Yes, the temporary shelter facility will allow service animals, support animals, and pets. Shelter guests will be expected to protect the wellbeing of others, maintain the health and condition of their service animal or pet, and keep a clean and sanitary environment.

The City has asked potential operators to provide shuttle service to facilitate shelter guest movement to and from the facility. Shuttle service is sought to reduce pedestrian through-traffic and make accessing public transit, resources, and appointments easier.

The nearest CapMetro bus stop is served by routes #20 and #271. Route #20 is high frequency (every 15 minutes during peak hours) and can transport a passenger from the stop nearest the Marshalling Yard to Downtown in about 15 minutes. These routes connect with the Austin-Bergstrom International Airport, Ruiz Library, Austin Community College, University of Texas, the Eastern Crescent, and Del Valle.

The nearest sidewalk from the Marshalling Yard runs along Airport Commerce Drive, and intersects with East Riverside Drive. This route from the Marshalling Yard does not pass through the Riverside Meadows single family subdivision.

The City has asked potential operators to propose shuttle service to facilitate shelter guest transit and reduce pedestrian traffic in the area.

Yes, the multi-department Homeless Encampment Management (HEM) Team evaluates encampments, prioritizes, plans intervention, and manages logistics of the City of Austin’s encampment response activities. A preliminary survey of encampments near the Marshalling Yard was conducted in May 2023. The HEM Team is exploring which resources and actions – including shelter and up to enforcement – will be needed to reduce public camping in the area.

The vast majority of unhoused residents want help. Through the HEAL Initiative the City has found that about eight out of every ten (80%) of unsheltered residents will accept an offer of non-congregate bridge shelter. Bridge shelters are equipped with robust resources and afford a degree of privacy, dignity, and support that most shelter guests appreciate.

Public camping is a usually a consequence of inadequate housing, shelter, and social services. While the City and its partners are working to fund and develop a variety of new housing resources, effort is underway to expand shelter capacity to offer relief to more residents who are experiencing homelessness.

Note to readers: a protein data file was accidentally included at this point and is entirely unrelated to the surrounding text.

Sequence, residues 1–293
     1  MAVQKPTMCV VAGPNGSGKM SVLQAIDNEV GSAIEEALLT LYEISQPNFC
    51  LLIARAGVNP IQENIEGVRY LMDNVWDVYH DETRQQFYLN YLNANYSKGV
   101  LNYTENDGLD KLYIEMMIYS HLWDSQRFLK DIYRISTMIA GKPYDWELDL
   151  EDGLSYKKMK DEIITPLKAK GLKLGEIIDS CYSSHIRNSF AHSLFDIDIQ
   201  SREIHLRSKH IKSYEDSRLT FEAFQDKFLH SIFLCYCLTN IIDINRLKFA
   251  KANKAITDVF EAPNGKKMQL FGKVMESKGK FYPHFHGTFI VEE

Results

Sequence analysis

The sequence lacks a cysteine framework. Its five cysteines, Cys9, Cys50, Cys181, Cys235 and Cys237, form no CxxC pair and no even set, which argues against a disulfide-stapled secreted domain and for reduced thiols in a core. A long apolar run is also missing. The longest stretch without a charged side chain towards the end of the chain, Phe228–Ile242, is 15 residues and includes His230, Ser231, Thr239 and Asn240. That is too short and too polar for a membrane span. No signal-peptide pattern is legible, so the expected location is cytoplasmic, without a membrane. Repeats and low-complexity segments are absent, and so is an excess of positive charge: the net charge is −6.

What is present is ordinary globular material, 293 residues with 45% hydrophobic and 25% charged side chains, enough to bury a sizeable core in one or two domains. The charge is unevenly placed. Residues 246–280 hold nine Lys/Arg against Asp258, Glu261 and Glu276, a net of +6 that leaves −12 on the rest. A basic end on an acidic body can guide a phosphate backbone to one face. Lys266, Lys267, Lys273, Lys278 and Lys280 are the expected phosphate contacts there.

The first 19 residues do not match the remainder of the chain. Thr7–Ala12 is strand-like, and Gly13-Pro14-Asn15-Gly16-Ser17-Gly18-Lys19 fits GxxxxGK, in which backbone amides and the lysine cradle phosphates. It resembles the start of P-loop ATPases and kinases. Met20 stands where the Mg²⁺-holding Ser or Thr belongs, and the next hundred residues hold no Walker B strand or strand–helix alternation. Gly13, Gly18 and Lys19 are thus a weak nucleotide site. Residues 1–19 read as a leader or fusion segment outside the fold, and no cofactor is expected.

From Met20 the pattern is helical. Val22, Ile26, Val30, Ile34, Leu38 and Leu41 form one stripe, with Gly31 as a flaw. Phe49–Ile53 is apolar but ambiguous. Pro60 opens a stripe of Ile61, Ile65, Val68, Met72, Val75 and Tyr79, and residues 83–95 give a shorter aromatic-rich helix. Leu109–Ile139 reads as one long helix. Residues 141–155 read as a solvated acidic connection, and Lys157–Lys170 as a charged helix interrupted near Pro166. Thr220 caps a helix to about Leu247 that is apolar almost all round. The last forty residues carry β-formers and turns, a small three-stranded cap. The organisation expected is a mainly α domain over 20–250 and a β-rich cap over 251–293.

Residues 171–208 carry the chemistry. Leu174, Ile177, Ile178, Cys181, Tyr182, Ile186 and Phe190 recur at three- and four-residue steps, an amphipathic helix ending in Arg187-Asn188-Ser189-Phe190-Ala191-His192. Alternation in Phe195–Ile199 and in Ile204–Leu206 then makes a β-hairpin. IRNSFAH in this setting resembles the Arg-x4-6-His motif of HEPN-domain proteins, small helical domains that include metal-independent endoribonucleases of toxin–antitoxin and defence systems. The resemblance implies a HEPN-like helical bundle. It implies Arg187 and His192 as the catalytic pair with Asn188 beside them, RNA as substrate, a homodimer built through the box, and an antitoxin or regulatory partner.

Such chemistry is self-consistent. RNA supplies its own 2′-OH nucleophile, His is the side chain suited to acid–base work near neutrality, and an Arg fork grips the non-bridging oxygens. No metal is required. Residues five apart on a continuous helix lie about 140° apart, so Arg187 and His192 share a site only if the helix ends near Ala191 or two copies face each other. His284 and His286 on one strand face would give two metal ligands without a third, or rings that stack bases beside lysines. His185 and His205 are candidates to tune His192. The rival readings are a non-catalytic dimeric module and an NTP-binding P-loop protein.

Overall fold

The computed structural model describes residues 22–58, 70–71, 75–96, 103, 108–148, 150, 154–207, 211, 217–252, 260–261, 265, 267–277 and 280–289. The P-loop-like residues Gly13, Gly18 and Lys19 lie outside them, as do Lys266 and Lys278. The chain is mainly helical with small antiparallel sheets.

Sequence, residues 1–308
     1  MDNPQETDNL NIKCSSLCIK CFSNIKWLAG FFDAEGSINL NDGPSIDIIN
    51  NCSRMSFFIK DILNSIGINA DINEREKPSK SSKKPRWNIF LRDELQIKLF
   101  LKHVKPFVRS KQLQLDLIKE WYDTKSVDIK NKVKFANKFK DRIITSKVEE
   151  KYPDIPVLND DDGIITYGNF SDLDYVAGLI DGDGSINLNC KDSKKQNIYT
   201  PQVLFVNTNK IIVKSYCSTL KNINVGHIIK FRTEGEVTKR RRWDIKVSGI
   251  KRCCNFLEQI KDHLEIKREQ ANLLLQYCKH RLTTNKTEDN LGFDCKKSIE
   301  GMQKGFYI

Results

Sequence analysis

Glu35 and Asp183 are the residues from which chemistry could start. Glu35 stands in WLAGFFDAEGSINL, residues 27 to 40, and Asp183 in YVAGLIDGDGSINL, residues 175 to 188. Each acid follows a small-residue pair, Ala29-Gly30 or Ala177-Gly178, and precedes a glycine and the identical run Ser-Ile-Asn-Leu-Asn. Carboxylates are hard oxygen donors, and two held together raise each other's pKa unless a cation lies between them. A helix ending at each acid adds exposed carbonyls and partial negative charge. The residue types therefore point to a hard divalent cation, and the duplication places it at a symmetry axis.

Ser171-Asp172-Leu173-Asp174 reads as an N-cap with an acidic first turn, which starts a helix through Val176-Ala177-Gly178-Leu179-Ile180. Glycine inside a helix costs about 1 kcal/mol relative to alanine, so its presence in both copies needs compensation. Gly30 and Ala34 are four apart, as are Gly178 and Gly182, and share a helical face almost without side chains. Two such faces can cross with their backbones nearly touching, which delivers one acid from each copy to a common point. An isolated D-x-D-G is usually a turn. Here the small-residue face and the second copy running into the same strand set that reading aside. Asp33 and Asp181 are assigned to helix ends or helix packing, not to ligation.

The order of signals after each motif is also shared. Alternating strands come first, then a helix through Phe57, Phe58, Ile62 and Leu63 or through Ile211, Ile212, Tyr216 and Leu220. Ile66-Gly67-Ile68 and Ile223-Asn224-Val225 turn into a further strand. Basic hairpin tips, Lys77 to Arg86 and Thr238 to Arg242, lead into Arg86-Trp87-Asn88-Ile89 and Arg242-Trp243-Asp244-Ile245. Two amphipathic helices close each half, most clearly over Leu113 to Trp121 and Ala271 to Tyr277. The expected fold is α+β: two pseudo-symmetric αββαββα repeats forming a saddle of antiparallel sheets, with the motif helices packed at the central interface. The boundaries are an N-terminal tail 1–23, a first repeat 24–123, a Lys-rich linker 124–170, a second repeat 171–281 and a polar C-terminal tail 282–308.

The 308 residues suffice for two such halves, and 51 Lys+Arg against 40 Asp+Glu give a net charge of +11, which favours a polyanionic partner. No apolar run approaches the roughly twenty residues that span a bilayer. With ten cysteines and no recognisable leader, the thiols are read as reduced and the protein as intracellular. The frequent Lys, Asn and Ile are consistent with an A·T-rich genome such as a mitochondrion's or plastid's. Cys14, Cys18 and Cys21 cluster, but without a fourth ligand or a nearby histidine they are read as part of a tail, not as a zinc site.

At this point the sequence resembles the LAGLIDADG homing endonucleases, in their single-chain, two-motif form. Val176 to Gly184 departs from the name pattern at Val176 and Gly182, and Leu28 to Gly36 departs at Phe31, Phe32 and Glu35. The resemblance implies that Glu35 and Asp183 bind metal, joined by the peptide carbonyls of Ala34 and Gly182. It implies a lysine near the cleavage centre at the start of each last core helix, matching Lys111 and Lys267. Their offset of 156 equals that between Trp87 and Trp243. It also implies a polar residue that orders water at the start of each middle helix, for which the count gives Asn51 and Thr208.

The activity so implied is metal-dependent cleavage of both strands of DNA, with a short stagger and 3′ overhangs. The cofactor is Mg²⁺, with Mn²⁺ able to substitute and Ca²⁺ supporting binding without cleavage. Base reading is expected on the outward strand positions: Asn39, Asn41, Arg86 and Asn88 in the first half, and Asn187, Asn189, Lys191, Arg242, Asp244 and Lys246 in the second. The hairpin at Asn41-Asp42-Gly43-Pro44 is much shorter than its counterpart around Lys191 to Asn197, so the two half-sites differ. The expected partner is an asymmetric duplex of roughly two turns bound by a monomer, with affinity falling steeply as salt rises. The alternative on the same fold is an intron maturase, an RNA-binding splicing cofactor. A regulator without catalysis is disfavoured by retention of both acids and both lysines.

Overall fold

As of June 7, the City of Austin has hosted three informational sessions to coincide with the announcement of the Marshalling Yard temporary shelter project. These meetings were held on the evenings of May 17 and 18, and the morning of Saturday, May 20. Questions were logged during these meetings and used to develop this Frequently Asked Questions (FAQ) resource.

Additional opportunities will be scheduled through June and July. The temporary shelter will not be opening for several months, so there will be adequate time to learn more about the project and ask questions that may not have already been answered.

The City of Austin’s Interim City Manager notified the Austin City Council on May 12, and published a memorandum about the temporary shelter project on May 15. 

City leaders have long called for more emergency shelter to provide homeless residents with safe spaces to sleep and access housing services.

In 2021, Austin voters approved reinstatement of the public camping ban. As the City works diligently to address public camping, efforts to offer safe shelter have accelerated.

Since Proposition B was passed by voters, the City of Austin has opened two new bridge shelters. The Southbridge shelter in District 3 and Northbridge shelter in District 4, will double their combined maximum occupancy in the spring of 2023, to serve up to 250 guests simultaneously. Both of these bridge shelters support the HEAL Initiative and the City of Austin's efforts to create more direct pathways to housing for residents currently living in our communiyt's most unsafe encampments.

The City of Austin is engaging stakeholders from the surrounding neighborhoods to share information about the temporary shelter facility and respond to questions.

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Nonprofit Operator Solicitation Opens

May 12, 2023

Austin Public Health Announces Informational Meetings

Austin Public Health issued a Press Release on May 12, 2023 inviting interested members of the public to attend and learn more about our community's effort to expand emergency shelter capacity.

Interim City Manager Publicly Announces Emergency Shelter Capacity Expansion

On May 15, the Interim City Manager published a memorandum annoucing efforts to expand shelter capacity in our community beginning with doubling occupancy at two City-owned bridge shelters and opening temporary shelter operations at the City-owned Marshalling Yard.

First Round of Public Informational Meetings

May 17, 18, 20

Click Here for Slide Deck

Operator Solicitation Closes

June 1, 2023

Nonprofit Operator to be Considered by the Austin City Council

The Austin Cicy Council approved negotiation and executation of a contract for operation of the Marshalling Yard temporary shelter on July 20, 2023.

Agenda item and backup documentation are available here.

Temporary Shelter Operations Begin

The Marshalling Yard opened its doors to unhoused residents on August 22, 2023.

Milestone: 200 Individuals Sheltered

On September 14, the Marshalling Yard reached a census of 200 individuals. Per Austin City Council direction, the census will be temporarily capped at 200 sheltered individuals pending an operations status report to City of Austin leadership.

Milestone: Marshalling Yard to Surge to 300 Bed Maximum Capacity

Following an operations status update required by the Austin City Council, staff and the shelter manager, Endeavors, will prepare to open an additional 100 beds to achieve a maximum capacity of 300 individuals sheltered per day.

Demobilization of Temporary Shelter

Anticipated Spring 2025.